Staffing Shortage Makes Vulnerabilities Worse - What Could Be the Solution?

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Staffing Shortage Makes Vulnerabilities Worse

The current state of affairs in the fast-paced cybersecurity realm poses real challenges for all of the stakeholders involved. Because the industry is developing rapidly, security operations teams must quickly adapt to the evolving landscape and rise to meet the challenge. This is, of course, easier said than done. The industry is facing a serious shortage of skilled professionals, and this trend shows no sign of stopping. As a result of this, threat actors are continuing to put a serious strain on overworked security operations teams, further weakening the security posture of the organizations across the world.

The core problem

As organizations continue to struggle to improve their security operations, vulnerability management also continues to be a pain point for many. , a recent research showed that 1 in 3 organizations stated that they can avoid a data breach, but staggering 63% are still unable to act on the huge number of generated alerts.

So why do organizations struggle with these basic issues? The simple answer is a chronic lack of skilled staff. Unpatched vulnerabilities, lack of visibility across assets and attacks, as well as the inability to prioritize events means the security program of the organization is all but doomed to fail. All of this happens because of the chronic staff shortage. Now more than ever, more professionals are needed to achieve effective vulnerability and risk management.

Vulnerabilities are getting worse

According to a recent Ponemon research report, organizations admit they lack the appropriate staff to find and fight vulnerabilities. Responding to the increasing volume of new vulnerabilities and alerts has become more complex, in part due to the lack of personnel to handle these issues. According to the report, when asked about the challenges of maintaining a good security posture, out of 600 surveyed security professionals 68% answered that staffing was a significant problem. This shortage is not exclusive to small organizations - big companies face the same issues, with 72 percent of surveyed organizations had more than 1,000 employees.

What can be done to address this issue?

As stated earlier, the cybersecurity staff shortage has consequences on many levels, impacting the entire industry. Companies of different sizes, industries and locations around the world are directly affected on a daily basis. To address this burning issue, security operations teams should address this chronic shortage on multiple fronts. Here are four steps every organization should take:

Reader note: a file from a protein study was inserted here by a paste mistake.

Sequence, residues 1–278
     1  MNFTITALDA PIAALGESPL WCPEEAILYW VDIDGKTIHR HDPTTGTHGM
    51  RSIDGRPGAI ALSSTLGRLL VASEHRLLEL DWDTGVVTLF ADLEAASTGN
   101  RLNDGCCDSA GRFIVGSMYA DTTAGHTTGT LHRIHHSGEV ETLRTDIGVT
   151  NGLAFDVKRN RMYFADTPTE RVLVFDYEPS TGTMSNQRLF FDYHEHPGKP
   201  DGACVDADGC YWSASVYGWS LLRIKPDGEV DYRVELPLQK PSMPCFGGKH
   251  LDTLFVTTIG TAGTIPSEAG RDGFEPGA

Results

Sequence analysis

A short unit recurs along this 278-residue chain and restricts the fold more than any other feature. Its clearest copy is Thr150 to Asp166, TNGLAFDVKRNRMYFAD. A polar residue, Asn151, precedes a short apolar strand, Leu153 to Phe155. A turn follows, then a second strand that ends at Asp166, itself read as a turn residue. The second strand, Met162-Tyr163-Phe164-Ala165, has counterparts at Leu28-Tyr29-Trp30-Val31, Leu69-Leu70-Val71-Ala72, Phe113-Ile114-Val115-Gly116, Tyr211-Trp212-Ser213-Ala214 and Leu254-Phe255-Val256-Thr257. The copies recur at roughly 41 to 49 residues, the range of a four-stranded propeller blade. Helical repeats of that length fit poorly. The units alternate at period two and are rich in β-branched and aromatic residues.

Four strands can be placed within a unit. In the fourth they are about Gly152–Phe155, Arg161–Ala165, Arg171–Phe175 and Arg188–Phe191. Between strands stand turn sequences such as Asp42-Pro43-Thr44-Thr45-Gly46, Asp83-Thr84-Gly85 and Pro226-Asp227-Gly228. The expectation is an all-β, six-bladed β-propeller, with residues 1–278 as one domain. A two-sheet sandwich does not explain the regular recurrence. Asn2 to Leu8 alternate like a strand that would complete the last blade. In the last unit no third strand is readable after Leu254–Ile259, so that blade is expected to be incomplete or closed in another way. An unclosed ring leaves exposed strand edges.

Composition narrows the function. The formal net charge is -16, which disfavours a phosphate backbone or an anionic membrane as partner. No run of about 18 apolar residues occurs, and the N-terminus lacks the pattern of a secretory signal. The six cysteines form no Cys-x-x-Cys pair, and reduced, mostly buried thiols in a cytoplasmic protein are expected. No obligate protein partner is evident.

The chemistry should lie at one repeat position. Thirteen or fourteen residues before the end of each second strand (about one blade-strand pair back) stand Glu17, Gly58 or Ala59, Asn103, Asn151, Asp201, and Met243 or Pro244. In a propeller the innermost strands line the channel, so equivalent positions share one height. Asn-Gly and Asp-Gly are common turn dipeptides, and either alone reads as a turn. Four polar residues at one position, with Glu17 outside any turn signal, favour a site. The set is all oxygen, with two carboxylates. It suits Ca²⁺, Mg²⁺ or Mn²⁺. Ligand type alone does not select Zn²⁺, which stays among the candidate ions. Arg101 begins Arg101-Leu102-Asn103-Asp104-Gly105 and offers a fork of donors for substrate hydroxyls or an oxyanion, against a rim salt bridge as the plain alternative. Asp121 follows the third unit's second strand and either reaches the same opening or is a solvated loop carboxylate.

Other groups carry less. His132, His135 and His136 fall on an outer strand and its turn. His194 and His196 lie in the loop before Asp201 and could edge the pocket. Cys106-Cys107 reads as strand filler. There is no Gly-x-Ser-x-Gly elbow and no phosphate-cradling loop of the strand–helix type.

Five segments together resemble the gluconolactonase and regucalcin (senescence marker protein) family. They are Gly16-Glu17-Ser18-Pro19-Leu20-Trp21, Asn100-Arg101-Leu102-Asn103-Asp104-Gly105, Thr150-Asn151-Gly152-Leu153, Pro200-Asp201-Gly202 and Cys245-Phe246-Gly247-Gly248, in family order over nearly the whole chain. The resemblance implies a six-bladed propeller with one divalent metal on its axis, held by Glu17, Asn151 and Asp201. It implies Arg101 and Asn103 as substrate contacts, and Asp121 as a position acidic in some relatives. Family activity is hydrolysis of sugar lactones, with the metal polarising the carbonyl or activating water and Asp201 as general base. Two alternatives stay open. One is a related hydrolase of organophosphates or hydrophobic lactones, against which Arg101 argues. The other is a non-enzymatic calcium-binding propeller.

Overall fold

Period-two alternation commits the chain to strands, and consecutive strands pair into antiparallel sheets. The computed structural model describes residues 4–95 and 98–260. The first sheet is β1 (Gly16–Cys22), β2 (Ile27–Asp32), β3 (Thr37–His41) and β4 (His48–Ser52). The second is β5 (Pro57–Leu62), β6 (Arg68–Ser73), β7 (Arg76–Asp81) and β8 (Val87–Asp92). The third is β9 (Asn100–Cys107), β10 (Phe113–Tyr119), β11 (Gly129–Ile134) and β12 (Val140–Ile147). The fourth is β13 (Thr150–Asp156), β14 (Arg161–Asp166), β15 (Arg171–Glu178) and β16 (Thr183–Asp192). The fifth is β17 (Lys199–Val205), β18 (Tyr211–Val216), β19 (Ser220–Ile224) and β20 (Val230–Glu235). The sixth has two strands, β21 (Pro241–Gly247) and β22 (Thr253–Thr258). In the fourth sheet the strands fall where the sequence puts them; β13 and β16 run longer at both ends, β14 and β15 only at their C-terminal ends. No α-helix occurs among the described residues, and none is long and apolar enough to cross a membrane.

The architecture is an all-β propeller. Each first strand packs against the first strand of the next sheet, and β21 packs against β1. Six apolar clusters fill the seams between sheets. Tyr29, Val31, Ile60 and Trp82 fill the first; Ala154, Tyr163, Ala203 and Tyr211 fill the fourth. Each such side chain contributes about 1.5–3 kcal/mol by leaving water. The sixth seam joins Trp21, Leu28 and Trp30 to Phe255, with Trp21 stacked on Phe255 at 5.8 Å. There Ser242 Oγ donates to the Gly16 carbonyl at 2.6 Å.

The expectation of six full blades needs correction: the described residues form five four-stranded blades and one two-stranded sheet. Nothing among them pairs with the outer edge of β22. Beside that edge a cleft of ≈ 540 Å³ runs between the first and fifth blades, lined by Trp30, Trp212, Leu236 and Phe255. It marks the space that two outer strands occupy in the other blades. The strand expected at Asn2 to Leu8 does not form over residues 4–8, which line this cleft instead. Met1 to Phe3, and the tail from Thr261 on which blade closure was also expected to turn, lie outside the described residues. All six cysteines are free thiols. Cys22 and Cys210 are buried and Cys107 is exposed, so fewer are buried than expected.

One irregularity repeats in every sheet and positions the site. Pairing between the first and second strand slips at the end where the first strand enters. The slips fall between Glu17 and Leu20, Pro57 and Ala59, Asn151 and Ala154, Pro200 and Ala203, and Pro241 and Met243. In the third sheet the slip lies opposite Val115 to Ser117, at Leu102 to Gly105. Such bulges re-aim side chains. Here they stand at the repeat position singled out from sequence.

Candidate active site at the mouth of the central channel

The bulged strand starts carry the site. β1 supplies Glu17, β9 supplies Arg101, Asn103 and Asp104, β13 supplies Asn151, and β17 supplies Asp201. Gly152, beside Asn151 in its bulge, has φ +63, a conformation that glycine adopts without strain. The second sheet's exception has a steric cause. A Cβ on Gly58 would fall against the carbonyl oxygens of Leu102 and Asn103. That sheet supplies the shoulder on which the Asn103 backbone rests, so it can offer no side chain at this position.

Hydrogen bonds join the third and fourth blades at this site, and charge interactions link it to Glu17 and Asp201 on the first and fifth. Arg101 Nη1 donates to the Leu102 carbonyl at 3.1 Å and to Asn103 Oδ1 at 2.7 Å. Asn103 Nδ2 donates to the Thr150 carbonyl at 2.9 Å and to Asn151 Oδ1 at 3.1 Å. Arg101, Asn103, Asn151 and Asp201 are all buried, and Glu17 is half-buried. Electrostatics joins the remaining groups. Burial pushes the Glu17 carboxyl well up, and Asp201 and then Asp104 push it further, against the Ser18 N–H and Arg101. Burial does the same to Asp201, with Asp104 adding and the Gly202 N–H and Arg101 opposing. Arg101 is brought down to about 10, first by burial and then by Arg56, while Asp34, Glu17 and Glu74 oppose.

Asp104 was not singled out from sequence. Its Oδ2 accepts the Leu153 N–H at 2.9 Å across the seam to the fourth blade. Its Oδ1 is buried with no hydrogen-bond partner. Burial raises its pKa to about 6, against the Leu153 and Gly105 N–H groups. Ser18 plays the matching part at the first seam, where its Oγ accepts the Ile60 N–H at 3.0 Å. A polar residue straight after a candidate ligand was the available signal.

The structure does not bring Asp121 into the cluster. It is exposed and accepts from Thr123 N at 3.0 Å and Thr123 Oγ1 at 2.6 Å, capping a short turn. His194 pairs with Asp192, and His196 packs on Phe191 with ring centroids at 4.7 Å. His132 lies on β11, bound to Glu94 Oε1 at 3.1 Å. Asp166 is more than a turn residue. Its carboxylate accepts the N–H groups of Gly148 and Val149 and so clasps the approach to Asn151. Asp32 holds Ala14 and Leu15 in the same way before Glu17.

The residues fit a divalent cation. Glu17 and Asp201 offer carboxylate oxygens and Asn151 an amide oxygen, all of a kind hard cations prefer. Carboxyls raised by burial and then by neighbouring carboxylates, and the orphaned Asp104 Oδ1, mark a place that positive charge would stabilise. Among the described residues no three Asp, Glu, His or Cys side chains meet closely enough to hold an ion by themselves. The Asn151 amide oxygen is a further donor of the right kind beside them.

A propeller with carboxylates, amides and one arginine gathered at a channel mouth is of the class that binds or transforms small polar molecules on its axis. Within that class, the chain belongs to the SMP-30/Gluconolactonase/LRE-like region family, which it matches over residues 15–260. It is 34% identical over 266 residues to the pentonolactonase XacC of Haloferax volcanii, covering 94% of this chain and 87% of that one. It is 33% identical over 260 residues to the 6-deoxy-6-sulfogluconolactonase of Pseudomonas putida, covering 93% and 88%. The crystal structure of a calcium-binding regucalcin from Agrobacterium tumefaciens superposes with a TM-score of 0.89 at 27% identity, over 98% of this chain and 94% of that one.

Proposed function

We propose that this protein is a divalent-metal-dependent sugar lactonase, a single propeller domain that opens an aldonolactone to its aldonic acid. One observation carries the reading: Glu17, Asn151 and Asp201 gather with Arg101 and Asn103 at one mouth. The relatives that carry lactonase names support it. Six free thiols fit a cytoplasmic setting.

• Shifting focus on technologies with advanced analytics

It’s time to embrace artificial intelligence and machine learning as a means to accelerate security processes and make your security professionals more productive.

  • Automation and orchestration

Cybersecurity has developed largely relying on manual processes, however, manual processes cannot scale to meet growing demands. Security automation and orchestration needs to become a top priority for organizations.

  • Taking a different management approach to security

CISOs are analyzing in detail their people, skills, and limitations and then managing accordingly. How do they do this? With the use of cloud computing and managed security services to cut costs, simplify security infrastructure, or delegate specific security controls and operations to third parties.

  • Taking a proactive approach to keep existing staff

Skilled professionals are highly sought after in the security industry. CISOs should focus on improving staff compensation, investing in career development, mentoring, and training. Providing opportunities for the staff to get involved in security research and encouraging staff members to network with others through professional organizations can also improve employee satisfaction.

In conclusion

Although the chronic lack of cybersecurity professionals is not new, the impact on organizations has become an urgent matter which must be addressed across the industry.

Strategies have to be developed, with a strong emphasis on including everyone concerned - from the private and public sector, help is needed from everyone and everywhere in the industry. And the chances for success are good - by raising awareness and investing in proper training and education, the staff shortage can decrease in time, and vulnerability management will regain its importance and strength.

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